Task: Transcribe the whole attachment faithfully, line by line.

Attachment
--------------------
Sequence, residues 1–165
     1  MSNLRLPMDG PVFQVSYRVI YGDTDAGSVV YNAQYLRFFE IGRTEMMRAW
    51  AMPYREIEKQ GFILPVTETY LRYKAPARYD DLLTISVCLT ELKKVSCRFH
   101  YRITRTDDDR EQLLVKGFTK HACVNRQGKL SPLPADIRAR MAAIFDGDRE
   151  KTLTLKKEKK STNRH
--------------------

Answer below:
Sequence, residues 1–165
     1  MSNLRLPMDG PVFQVSYRVI YGDTDAGSVV YNAQYLRFFE IGRTEMMRAW
    51  AMPYREIEKQ GFILPVTETY LRYKAPARYD DLLTISVCLT ELKKVSCRFH
   101  YRITRTDDDR EQLLVKGFTK HACVNRQGKL SPLPADIRAR MAAIFDGDRE
   151  KTLTLKKEKK STNRH